Controlling IP PDU NetPing Sockets Using Telegram

  • Published In: Tutorial
  • Created Date: 2018-05-30
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A vacation time is getting closer. As any other employees, system administrators also dream about having a vacation somewhere far from their workplace. For a majority of system administrators, especially in small organizations, it is not that easy to get distracted from work even for a relatively short time. Many of them are single-handedly responsible for a status of different components of the IT infrastructure. So how an IT specialist can have a vacation being confident that a company can work the same efficiently, as usual? Before, we already examined a process of creating bots for a «Telegram» messenger in our blog. In this article, we examine one of the variants of remote controlling a power supply of the IT equipment from any location of the Earth (having the Internet access) using the integration of a «Telegram» messenger and NetPing power distribution units (IP PDUs). If necessary, an IT specialist sends a command for a socket using «Telegram». After applying a command in «Telegram», a specialist will receive a notification about a successful application of a command and a socket changes its status.

Required Equipment, Software, and Preparing for the Development:

To implement a functionality of remote controlling sockets of a NetPing power distribution unit using «Telegram», the next set of equipment is required:

  • A power distribution units (NetPing 8/PWR-220 v4/SMS, NetPing 4/PWR-220 v4/SMS, NetPing 2/PWR-220 v4/SMS or NetPing 2/PWR-220 v3/ETH) – 1 pc.;
  • Connected load – the number depending on the number of built-in IP PDU NetPing sockets;
  • PC or a server with a preinstalled operating system Linux or Windows and an Internet access – 1 pc.;
  • A local network for establishing a connection between a monitoring device and PC, where a script of a bot is run – 1 pc.;
  • «Telegram» messenger on PC or a smartphone with an Internet access – 1 pc.;

In our example, we will use a NetPing 4/PWR-220 v4/SMS power distribution unit. Let's consider that a device is configured for the operation on your local network. More detailed information about settings is available in a documentation. It is also suggested that you have a configured server with an OS Ubuntu, and bots created according to the recommendations of this article. In this example, we created a bot with a name @NetPing_4PWR_bot.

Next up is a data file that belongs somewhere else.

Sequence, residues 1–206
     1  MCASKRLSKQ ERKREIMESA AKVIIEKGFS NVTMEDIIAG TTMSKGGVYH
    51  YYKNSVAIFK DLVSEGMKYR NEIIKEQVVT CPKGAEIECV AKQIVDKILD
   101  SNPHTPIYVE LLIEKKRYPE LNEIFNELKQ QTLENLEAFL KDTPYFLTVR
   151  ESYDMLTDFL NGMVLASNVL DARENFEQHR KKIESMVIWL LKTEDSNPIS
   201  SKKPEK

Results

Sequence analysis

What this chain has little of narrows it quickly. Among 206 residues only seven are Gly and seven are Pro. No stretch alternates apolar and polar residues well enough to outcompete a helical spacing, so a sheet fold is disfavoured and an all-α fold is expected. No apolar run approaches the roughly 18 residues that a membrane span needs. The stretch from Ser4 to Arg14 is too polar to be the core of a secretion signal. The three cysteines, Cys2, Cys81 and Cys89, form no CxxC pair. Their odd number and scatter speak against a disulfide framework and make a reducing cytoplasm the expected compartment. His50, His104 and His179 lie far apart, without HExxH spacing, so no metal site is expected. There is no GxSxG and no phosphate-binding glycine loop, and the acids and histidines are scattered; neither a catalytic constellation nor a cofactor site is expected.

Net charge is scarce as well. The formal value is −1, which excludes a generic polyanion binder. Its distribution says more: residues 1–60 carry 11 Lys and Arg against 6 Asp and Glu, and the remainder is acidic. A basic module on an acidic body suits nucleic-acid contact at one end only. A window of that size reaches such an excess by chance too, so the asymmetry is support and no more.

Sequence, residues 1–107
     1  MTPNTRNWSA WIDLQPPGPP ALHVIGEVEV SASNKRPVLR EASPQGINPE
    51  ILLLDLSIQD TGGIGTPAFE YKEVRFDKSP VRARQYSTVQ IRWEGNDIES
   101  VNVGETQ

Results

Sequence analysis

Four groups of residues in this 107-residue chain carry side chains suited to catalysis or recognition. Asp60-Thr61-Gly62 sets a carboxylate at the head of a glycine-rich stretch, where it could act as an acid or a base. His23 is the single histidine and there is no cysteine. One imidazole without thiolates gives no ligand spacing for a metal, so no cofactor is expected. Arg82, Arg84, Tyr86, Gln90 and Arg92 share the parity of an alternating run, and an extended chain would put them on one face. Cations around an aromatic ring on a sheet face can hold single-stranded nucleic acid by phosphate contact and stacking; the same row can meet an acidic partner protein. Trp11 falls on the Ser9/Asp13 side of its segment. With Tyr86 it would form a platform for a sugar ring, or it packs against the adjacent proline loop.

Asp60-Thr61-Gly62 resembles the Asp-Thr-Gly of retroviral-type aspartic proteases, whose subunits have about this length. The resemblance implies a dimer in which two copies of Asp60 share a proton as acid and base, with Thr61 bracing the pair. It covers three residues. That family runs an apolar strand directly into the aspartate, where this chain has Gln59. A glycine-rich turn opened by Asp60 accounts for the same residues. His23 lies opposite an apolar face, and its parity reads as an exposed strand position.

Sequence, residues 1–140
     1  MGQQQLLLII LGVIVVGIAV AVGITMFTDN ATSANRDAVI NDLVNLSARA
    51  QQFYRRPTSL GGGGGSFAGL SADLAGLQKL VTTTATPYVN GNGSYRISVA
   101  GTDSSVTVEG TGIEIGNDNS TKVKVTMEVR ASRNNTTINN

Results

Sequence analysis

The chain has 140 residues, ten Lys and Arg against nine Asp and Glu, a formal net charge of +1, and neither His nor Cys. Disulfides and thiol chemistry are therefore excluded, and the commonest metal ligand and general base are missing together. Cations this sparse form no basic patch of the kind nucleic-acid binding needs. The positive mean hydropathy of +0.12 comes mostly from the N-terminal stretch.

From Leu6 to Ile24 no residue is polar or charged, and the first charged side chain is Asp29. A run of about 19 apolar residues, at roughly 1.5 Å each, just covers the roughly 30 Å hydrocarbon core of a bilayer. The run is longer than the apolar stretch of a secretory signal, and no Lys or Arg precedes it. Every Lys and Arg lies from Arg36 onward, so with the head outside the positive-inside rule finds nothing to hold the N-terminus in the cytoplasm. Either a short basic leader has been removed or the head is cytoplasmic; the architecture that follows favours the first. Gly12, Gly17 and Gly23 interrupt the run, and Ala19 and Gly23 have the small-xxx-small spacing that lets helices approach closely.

Programming Functions for Controlling a Power Supply for a Bot @NetPing_4PWR_bot

Let's program an extended functionality for our bot @NetPing_4PWR_bot. Edit the main script file that manages a bot – «bot.py»:

import telebot
import requests
from telebot import types
import conf_bot

auth = conf_bot.auth
url = conf_bot.url
bot = telebot.TeleBot(conf_bot.TOKEN)

# Processing commands "/start" and "/help"
@bot.message_handler(commands=['start', 'help'])
def start(message):
markup = types.ReplyKeyboardMarkup()
markup.row('/relay1', '/relay2')
markup.row('/relay3', '/relay4')
markup.row('/npstatus', '/help')
bot.send_message(message.chat.id, ''' 
***Test bot to control the outlets of NetPing 4/PWR-220 v4/SMS ***

To query the current status of the relay, use the command /npstatus

To control relay #1, use the /relay1 command

To control relay #2, use the /relay2 command

To control relay #3, use the /relay3 command

To control relay #4, use the /relay4 command

To access this help, use the /help command

''',
reply_markup=markup)

# Processing the "/npstatus" command, getting information about the relay status
@bot.message_handler(commands=['npstatus'])
def status(m):
i=1
while i <=4:
def relay ():
r = requests.get(url+'relay.cgi?r'+str(i), auth=auth)
io = r.text[22:23] 
if io == '0':
io = ('Current state of the relay #' 
+ str(i) + ': ' + io + ' Off')
return io
else:
io= ('Current state of the relay #' 
+ str(i) + ': ' + io + ' On')
return io 
io_stat = relay() 
sent = bot.send_message(m.chat.id, io_stat ) 
i=i+1
# Processing the "/relay1" command, creating a menu.
@bot.message_handler(commands=['relay1'])
def status(m):
keyboard = types.InlineKeyboardMarkup() 
keyboard.add(*[types.InlineKeyboardButton(text=name, 
callback_data=name) for name in ['Enable relay 1', 
'Disable relay 1', 'Reset relay 1' ]])
msg = bot.send_message(m.chat.id, '''
This command allows you to control the relay 1.

Select the required action:''',
reply_markup=keyboard)

# Processing the "/relay2" command, creating a menu
@bot.message_handler(commands=['relay2'])
def status(m):
keyboard = types.InlineKeyboardMarkup() 
keyboard.add(*[types.InlineKeyboardButton(text=name, 
callback_data=name) for name in ['Enable relay 2', 
'Disable relay 2', 'Reset relay 2' ]])
msg = bot.send_message(m.chat.id, '''
This command allows you to control the relay 2.

Select the required action:''',
reply_markup=keyboard)

# Processing the "/relay3" command, creating a menu
@bot.message_handler(commands=['relay3'])
def status(m):
keyboard = types.InlineKeyboardMarkup() 
keyboard.add(*[types.InlineKeyboardButton(text=name, 
callback_data=name) for name in ['Enable relay 3', 
'Disable relay 3', 'Reset relay 3' ]])
msg = bot.send_message(m.chat.id, '''
This command allows you to control the relay 3.

Select the required action:''',
reply_markup=keyboard)

# Processing the "/relay4" command, creating a menu
@bot.message_handler(commands=['relay4'])
def status(m):
keyboard = types.InlineKeyboardMarkup() 
keyboard.add(*[types.InlineKeyboardButton(text=name, 
callback_data=name) for name in ['Enable relay 4', 
'Disable relay 4', 'Reset relay 4' ]])
msg = bot.send_message(m.chat.id, '''
This command allows you to control the relay 4.

Select the required action:''',
reply_markup=keyboard)

# Processing of pressing the menu button "Enable relay 1"
@bot.callback_query_handler(func=lambda c: True)